I locked the car and headed to the gate.

It happens the September before.
        It’s a Sunday and the five of them have driven up early from their home in Totnes. The drive takes just over an hour. There’s no parking close to the water, so they have to leave the car in a layby on the nearest road and walk the rest of the way, following a winding stone track half a mile up to the quarry. Marc and Kyle carry the boat between them, chairs loaded up inside, Clara has the towels, Sarah the cool box, and two-year-old Mable totters along behind them all.
        It’s a warm day, more like summer than autumn, the skies a pristine blue, and even on the elevated peaks of Dartmoor, there isn’t a breath of wind. When the five of them finally arrive at the quarry, the lake is still in shadow, the ragged wall of granite on its eastern flank so high that the sun hasn’t yet crested it. There’s an almost identical sweep of speckled granite on the western edge, except this gently curves in an L-shape, creating a natural amphitheatre around the lake. The cliffs that encircle the former quarry are dramatic and beautiful, and that beauty is complemented by the tranquillity of the lake itself: once, Parson’s Quarry had been a vast tin mine, crumbling miners’ huts still scattered at its edges; now it’s one of the best wild swimming spots on the moors.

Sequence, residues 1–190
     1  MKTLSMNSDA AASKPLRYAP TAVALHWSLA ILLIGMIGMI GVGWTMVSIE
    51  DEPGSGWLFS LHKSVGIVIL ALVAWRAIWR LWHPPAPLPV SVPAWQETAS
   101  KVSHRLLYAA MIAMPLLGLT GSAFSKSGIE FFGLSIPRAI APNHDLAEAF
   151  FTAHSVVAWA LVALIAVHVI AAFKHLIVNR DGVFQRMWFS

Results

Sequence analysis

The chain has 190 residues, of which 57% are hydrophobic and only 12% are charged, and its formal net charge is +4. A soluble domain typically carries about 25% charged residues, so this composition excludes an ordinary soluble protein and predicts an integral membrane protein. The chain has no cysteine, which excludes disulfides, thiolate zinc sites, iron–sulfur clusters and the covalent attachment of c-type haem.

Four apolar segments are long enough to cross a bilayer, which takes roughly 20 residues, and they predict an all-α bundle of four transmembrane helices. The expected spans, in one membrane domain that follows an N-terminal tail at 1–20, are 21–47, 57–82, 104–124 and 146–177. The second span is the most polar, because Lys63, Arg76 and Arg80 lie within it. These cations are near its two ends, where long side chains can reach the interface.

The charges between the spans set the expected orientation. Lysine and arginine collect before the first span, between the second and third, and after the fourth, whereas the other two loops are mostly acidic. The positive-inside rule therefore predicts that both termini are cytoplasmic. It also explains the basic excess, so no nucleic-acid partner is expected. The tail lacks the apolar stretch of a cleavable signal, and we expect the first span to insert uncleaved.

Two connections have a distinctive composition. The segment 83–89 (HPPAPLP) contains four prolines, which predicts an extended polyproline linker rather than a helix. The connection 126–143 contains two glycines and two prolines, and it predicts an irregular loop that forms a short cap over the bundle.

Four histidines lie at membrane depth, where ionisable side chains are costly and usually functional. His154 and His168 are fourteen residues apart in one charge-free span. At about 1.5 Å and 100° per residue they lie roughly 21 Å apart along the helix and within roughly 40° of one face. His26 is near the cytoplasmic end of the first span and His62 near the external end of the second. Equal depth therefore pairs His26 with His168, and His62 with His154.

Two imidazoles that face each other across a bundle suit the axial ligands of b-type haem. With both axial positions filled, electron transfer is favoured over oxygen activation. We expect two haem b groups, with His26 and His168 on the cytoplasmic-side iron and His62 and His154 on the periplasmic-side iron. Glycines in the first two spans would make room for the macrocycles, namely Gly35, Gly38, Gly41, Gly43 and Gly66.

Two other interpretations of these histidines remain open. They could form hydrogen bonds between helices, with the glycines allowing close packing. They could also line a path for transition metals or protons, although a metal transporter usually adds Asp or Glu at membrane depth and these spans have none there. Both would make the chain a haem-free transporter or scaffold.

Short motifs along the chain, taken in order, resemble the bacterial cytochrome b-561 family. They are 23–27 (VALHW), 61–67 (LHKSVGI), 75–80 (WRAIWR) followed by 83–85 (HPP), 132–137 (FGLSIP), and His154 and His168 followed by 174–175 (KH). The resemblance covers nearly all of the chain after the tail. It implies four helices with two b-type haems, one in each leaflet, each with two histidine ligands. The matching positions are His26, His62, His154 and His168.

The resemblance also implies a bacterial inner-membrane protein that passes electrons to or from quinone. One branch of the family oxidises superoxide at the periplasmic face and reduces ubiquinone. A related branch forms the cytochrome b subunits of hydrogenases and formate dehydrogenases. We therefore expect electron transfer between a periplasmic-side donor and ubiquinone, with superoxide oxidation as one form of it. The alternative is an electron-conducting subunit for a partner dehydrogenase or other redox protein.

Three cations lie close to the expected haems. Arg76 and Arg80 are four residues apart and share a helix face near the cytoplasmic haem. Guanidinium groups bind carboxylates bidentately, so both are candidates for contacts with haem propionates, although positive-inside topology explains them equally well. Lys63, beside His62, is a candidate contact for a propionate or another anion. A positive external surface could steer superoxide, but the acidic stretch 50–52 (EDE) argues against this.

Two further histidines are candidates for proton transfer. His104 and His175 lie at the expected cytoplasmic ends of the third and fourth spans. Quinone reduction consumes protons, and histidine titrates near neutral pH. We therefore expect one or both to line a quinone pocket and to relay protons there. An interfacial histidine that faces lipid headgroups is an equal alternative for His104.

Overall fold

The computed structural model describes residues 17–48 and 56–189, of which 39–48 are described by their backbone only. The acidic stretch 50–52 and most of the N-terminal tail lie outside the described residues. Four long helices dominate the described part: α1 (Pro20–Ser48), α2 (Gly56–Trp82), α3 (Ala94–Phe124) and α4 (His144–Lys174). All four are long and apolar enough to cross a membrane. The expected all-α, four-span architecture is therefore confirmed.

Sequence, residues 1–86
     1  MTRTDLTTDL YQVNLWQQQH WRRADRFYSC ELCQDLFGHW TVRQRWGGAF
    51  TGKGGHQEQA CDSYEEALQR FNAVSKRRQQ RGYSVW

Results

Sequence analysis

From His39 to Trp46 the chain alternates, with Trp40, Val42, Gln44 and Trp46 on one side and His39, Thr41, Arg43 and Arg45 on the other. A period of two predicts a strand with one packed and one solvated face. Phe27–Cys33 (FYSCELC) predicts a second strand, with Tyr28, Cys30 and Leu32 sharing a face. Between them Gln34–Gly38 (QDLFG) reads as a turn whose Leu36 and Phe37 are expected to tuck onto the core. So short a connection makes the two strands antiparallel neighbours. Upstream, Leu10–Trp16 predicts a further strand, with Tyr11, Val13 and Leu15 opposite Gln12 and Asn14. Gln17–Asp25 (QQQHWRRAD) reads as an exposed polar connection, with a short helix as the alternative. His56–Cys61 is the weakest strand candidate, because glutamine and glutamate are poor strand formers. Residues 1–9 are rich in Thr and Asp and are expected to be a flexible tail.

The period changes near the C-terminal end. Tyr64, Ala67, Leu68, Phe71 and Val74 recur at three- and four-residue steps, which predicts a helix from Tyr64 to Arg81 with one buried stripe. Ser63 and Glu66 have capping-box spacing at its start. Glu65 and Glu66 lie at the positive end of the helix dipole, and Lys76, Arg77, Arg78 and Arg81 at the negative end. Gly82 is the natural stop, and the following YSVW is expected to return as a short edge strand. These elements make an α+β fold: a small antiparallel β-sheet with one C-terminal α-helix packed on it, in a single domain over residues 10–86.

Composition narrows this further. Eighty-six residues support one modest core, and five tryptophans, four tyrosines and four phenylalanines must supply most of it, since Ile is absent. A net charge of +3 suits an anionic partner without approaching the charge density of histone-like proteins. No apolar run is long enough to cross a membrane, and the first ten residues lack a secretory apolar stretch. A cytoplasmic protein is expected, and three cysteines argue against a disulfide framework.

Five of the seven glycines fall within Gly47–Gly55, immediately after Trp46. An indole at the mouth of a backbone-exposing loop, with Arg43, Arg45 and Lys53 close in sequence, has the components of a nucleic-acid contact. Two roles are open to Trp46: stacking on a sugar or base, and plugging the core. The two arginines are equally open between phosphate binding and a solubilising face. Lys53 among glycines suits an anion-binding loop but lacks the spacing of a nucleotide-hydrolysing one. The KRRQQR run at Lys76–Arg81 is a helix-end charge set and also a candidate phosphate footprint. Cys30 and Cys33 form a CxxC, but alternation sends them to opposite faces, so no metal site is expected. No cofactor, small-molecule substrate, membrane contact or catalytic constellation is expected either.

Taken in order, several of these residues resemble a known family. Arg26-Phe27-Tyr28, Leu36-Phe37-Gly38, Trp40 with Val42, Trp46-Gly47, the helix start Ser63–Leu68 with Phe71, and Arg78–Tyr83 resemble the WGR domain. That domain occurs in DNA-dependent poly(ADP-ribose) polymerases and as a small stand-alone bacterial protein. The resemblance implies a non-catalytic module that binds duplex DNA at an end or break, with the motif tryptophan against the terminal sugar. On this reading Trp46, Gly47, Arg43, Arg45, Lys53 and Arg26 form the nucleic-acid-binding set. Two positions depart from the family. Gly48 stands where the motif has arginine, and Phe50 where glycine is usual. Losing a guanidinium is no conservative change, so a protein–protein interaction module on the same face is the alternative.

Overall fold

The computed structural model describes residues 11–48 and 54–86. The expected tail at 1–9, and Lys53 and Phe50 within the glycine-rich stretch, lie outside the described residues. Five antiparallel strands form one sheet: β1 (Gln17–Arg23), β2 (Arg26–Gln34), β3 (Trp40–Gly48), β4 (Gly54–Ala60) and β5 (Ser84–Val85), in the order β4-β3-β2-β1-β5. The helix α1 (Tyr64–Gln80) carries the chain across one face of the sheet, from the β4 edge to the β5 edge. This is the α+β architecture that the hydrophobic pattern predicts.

That’s exactly why the Fowlers have always loved it here. It’s why they’re here today.
        But, by sunset, three of them will have disappeared.

It took me just over twenty minutes to walk from the car to the mouth of the quarry, so it would have taken the Fowlers longer as the two men had been carrying the boat, and Sarah would have been constantly waiting for Mable to catch up.